Pakistan and United States Discuss Security, Strategic Stability, and Nonproliferation Issues
Under Secretary of State for Arms Control and International Security Rose Gottemoeller and Foreign Secretary Aizaz Ahmad Chaudhry co-chaired the seventh round of the U.S.-Pakistan Security, Strategic Stability, and Nonproliferation (SSS&NP) Working Group in Washington, DC on June 2, 2015.
The delegations had a productive exchange of views on issues of mutual importance, including international efforts to enhance nuclear security, peaceful applications of nuclear energy, nonproliferation, export controls, regional stability and security.
The U.S. delegation welcomed Pakistan’s efforts to harmonize its strategic trade controls with those of the Nuclear Suppliers Group and other multilateral export control regimes. Both sides emphasized the desirability of continued outreach to integrate Pakistan into the international nonproliferation regime. Pakistan stressed the need for access to peaceful nuclear technology as a socioeconomic imperative.
The delegations reaffirmed the high importance that both countries attach to preventing the proliferation of Weapons of Mass Destruction (WMD) and their means of delivery to states as well as non-state actors. The United States and Pakistan resolved to work together to achieve the objectives of United Nations Security Council (UNSC) Resolution 1540, and noted that both have consistently supported and implemented relevant UNSC Resolutions.
The Pakistan delegation welcomed the understanding reached between the Islamic Republic of Iran and P5+1 on April 2, underscored the importance of resolving the nuclear issue peacefully, and expressed its earnest hope that the parties concerned will be able to finalize a comprehensive settlement.
The United States underscored its continued efforts to realize the agenda set forth in President Obama’s 2009 Prague speech, including the importance of commencing negotiation of a Fissile Material Cutoff Treaty (FMCT) in the Conference on Disarmament (CD), noting its readiness to address all issues raised in the course of negotiations, as allowed for in CD 1299. Pakistan underlined its preference for a broader Fissile Material Treaty (FMT) that addresses the asymmetries in existing stocks and highlighted that Pakistan’s position on FMT will be determined by its national security interests and the objectives of strategic stability in South Asia.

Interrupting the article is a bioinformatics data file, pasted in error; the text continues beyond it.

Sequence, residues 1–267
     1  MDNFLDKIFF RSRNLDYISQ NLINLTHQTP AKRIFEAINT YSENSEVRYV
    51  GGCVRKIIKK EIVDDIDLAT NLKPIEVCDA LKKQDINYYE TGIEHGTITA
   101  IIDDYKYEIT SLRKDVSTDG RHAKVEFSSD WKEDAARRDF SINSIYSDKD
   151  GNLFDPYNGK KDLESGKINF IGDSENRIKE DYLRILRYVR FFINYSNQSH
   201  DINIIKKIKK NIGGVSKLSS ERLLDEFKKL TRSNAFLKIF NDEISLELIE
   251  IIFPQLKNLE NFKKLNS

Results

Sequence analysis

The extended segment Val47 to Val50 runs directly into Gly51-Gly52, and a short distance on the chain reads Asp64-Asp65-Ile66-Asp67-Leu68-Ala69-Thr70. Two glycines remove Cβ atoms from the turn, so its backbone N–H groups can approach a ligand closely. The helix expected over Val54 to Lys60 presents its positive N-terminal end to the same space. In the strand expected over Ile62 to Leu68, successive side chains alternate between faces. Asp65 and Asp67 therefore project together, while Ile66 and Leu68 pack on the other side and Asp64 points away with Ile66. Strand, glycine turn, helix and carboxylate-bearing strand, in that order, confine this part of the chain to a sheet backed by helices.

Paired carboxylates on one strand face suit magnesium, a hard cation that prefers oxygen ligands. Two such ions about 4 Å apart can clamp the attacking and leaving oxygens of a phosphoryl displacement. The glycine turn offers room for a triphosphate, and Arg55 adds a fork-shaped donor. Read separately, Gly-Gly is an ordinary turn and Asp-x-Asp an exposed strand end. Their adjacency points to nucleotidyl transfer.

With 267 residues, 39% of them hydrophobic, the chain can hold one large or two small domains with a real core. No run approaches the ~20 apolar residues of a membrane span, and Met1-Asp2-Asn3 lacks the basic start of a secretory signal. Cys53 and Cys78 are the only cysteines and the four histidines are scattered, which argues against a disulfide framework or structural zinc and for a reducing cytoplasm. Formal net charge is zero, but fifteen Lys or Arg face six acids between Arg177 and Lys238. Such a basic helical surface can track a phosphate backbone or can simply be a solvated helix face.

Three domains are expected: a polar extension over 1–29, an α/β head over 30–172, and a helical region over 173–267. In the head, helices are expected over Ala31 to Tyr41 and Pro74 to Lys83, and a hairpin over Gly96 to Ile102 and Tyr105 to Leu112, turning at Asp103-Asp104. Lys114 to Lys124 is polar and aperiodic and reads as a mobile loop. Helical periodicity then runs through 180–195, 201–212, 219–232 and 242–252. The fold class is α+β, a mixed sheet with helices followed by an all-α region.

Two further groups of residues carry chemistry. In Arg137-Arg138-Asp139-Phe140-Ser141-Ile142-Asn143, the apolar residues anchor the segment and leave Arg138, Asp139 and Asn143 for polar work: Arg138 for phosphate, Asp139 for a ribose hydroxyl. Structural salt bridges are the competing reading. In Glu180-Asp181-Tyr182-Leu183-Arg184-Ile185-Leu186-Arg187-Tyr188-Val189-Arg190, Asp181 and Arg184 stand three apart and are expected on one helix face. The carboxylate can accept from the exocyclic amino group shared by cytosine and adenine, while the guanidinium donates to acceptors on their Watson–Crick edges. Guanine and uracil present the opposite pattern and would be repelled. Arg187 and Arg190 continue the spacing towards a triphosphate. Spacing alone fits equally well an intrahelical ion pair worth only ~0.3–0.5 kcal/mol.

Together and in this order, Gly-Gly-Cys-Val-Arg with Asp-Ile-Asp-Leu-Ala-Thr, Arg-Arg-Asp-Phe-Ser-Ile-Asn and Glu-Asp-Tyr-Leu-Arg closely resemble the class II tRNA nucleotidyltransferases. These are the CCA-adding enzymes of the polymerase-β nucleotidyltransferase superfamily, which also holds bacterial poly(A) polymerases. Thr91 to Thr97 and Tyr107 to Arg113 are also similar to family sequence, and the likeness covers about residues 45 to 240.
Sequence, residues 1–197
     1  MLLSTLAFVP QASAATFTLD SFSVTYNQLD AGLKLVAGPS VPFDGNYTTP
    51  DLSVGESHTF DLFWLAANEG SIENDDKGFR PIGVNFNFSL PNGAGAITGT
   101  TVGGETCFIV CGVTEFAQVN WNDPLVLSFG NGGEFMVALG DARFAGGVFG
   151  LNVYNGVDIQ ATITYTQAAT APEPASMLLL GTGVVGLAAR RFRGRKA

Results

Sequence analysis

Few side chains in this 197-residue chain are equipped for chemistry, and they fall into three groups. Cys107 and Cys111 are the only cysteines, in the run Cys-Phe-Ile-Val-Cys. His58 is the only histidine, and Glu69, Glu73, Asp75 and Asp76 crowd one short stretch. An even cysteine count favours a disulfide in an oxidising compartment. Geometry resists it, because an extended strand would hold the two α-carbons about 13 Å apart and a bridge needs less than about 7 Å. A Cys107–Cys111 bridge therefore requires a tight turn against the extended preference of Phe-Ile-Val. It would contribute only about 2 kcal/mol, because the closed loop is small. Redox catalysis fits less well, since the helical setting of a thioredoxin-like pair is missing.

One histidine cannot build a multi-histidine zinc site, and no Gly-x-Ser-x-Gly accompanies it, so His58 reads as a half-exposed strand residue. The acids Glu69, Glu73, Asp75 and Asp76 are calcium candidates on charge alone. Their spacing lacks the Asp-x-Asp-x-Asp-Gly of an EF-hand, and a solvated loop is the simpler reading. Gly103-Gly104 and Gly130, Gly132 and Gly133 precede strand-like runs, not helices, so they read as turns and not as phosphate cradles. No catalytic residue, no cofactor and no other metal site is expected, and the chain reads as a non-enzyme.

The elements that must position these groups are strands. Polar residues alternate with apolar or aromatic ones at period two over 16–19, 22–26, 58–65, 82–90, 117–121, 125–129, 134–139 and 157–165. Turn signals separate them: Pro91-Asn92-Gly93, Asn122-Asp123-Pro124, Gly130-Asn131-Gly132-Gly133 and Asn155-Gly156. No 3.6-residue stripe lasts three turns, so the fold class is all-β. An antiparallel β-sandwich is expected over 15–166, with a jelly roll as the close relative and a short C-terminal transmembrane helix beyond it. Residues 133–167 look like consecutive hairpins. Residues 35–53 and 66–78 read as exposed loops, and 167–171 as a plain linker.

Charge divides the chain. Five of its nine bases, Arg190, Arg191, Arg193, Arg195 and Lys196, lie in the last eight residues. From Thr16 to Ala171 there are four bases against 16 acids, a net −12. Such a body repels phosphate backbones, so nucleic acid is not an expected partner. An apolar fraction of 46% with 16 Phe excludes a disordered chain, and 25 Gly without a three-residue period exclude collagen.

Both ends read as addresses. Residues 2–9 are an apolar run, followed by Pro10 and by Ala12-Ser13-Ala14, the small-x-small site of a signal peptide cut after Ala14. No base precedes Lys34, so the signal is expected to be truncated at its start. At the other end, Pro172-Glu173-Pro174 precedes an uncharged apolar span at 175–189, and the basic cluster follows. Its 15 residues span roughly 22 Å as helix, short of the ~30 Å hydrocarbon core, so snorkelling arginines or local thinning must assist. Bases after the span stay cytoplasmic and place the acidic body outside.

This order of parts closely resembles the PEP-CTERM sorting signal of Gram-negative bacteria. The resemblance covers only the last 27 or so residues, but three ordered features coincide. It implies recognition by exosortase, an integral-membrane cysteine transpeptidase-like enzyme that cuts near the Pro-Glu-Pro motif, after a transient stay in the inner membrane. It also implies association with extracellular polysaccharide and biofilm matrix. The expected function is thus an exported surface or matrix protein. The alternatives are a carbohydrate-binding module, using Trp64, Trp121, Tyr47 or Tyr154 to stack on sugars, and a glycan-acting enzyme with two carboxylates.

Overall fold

Both sides noted the high priority that arms control has for the international community. The United States outlined its nuclear stockpile reductions, explained its efforts to seek congressional approval to ratify the Comprehensive Nuclear-Test-Ban Treaty (CTBT), and reaffirmed its commitment not to conduct further nuclear test explosions. Pakistan noted its continued support for CTBT-related resolutions in the United Nations General Assembly, and its consistent stance that it will not be the first in its region to resume nuclear testing.
Both sides recognized their shared interest in strategic stability in the region. The United States welcomed Prime Minister Sharif’s 2014 statement to the United Nations General Assembly in which he noted that, to promote stability, Pakistan is prepared to explore new confidence building measures. Reaffirming that statement of Prime Minister Nawaz Sharif, Pakistan reiterated its longstanding proposal of pursuing nuclear restraint, conventional equilibrium and conflict resolution in South Asia. Pakistan also reiterated its commitment to Credible Minimum Deterrence and to pursue measures in the region aimed at building confidence and lessening the risk of armed conflict. The United States and Pakistan emphasized the importance of meaningful dialogue and progress in this area and expressed the hope for lasting peace in South Asia and the resolution of outstanding territorial and other disputes through peaceful means.
The delegations discussed international efforts aimed at improving nuclear security with a central role of IAEA including through the high level focus by the Nuclear Security Summit process and the Global Initiative to Combat Nuclear Terrorism. In this context, both countries expressed their desire to see the 2016 Nuclear Security Summit result in a strengthened nuclear security architecture. Accordingly, both countries aspired to ratify the Amendment to the Convention on the Physical Protection of Nuclear Material in accordance with national laws and procedures. The United States expressed full confidence in Pakistan’s indigenous efforts to strengthen nuclear security, and welcomed Pakistan’s efforts to strengthen export controls and border security including through ongoing efforts for installation of radiation portal monitors at border crossings, as well as Pakistan’s hosting of IAEA training activities at its Nuclear Security Center of Excellence.
Both delegations took note of the entry into force of the Arms Trade Treaty. The delegations discussed issues related to the Chemical Weapons Convention (CWC) and the Biological Weapons Convention (BWC) and would continue such consultations.
The delegations reaffirmed that the Working Group remains an invaluable forum for discussing issues of critical mutual importance and stated that they looked forward to future sessions.
The SSS&NP is a working group under the auspices of the U.S.–Pakistan Strategic Dialogue.
June 03, 2015